HIGHLY visible police patrols are set to be carried out to deter criminal and terrorist activity.

National operation Project Servator starts in Colchester today.

It will see deployments of officers undertaken at unpredictable times to create maximum impact.

Among the techniques used by officers - who will be both uniformed and plain clothed - will include Automatic Number Plate Recognition technology, police dogs and armed officers.

Police will also work with security staff, retailers and Colchester Council’s zone teams.

Chief Inspector Jon Hayter said: “Project Servator has been a highly successful visible policing tactic across the country and we have in-depth experience having used the tactic elsewhere in Essex.

“These tactics are not being deployed in response to a specific threat but will mean a more enhanced and strategic approach to protecting Colchester.

“The deployments will use cutting-edge tactics to build on our existing safety measures and capabilities in the town.

“One of the key elements of Project Servator is unpredictability, so don’t be surprised if you see a visible police presence pop up at various times and locations across Colchester using different resources.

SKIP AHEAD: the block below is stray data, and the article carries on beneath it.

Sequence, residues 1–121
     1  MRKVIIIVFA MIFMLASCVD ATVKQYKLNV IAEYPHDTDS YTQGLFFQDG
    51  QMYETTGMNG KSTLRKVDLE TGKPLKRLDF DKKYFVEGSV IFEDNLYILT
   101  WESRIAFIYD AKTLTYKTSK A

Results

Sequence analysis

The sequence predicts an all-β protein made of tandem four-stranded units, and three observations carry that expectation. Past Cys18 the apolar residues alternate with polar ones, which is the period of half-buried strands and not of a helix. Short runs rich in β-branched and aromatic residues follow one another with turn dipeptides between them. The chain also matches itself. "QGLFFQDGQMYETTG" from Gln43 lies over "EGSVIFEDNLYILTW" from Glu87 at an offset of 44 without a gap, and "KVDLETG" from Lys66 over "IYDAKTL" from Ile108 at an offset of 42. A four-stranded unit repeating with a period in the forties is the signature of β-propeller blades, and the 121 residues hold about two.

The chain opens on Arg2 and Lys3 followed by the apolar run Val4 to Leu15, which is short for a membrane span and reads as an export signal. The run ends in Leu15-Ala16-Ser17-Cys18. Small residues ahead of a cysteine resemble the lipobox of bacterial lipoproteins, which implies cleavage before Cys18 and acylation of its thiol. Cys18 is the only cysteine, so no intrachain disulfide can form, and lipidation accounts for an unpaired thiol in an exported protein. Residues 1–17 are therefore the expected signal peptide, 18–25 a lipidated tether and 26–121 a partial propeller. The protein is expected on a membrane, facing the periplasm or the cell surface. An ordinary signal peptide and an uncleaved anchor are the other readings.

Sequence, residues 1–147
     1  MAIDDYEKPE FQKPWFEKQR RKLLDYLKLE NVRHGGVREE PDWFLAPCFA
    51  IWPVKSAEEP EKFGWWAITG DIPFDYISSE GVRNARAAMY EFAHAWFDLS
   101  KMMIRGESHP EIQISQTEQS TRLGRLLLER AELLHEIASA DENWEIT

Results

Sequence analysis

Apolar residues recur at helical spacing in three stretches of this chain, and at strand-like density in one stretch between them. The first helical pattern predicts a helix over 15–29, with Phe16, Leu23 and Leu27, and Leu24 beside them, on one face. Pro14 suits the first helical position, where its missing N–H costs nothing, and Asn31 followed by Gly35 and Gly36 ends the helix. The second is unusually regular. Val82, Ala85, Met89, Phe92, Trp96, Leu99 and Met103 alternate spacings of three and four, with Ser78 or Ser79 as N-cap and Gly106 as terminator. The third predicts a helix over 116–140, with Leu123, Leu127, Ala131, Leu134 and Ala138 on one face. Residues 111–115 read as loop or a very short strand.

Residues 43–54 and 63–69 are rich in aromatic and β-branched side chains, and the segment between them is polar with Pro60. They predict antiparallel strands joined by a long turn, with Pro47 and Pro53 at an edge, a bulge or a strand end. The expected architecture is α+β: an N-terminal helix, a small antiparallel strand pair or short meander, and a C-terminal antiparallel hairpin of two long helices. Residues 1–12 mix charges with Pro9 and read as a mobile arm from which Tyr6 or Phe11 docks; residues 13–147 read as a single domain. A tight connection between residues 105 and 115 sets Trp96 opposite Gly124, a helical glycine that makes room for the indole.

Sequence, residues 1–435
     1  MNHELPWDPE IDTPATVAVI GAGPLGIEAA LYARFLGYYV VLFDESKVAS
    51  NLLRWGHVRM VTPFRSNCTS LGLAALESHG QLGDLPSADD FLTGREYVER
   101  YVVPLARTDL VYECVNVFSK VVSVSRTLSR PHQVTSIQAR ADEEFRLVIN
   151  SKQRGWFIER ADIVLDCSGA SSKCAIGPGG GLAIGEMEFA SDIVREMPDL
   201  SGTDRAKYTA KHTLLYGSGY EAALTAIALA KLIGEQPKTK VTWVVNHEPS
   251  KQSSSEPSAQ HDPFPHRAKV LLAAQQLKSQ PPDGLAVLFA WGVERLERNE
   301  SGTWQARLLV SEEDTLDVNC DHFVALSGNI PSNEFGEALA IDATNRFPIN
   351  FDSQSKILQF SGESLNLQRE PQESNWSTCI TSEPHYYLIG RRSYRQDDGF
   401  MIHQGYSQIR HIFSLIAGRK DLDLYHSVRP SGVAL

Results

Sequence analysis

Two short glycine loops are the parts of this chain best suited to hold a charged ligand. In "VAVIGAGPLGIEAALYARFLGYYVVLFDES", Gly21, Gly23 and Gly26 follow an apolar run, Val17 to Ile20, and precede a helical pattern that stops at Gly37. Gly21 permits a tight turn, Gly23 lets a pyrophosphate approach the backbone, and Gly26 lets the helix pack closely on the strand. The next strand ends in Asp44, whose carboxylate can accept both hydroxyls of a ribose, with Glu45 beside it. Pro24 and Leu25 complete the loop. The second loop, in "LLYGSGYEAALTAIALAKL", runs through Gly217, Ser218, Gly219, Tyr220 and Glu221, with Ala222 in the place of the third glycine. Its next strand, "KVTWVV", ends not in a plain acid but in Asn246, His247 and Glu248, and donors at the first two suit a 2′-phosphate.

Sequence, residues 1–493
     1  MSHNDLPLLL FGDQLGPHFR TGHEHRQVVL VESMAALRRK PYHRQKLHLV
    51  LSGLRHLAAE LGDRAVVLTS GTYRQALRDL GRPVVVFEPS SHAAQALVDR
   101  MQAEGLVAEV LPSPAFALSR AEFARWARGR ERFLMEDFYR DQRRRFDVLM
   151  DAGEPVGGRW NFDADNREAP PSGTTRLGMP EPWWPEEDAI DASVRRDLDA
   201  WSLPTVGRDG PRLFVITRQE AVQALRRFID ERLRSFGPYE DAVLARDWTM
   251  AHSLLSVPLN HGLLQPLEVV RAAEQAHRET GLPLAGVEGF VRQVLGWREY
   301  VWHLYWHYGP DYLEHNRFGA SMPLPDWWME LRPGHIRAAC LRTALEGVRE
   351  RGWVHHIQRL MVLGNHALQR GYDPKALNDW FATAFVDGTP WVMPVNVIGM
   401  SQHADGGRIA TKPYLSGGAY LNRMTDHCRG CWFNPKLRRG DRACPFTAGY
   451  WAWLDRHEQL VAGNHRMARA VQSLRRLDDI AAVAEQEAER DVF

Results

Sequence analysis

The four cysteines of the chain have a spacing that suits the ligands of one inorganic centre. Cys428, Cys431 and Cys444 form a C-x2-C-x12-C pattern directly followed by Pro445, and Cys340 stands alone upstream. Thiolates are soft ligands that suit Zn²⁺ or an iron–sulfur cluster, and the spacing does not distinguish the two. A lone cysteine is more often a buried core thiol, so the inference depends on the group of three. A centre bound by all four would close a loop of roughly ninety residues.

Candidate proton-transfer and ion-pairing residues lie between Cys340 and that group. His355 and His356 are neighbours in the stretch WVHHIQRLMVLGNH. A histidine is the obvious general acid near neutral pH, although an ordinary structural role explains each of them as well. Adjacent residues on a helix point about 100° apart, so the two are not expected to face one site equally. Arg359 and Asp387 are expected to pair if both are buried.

“The national threat level remains at ‘severe’ which means that an attack is highly likely and Colchester has a considerable military presence.

“A similar operation is currently running in York which has many similarities to Colchester in terms of that military link.

“Our officers are here to keep people safe and I need people to speak to us if they have any concerns.

“You can play an important role by being vigilant and reporting any suspicious behaviour either to an officer or by calling 101.

“In an emergency of course people need to dial 999.”

Colchester Council’s public safety Mike Lilley (Lab) said: “Initiatives like Project Servator are a great way of reassuring people, especially as a garrison town, that we are not sitting on our laurels but are committed to continuing keeping them safe and a clear message to those thinking of committing any crime.”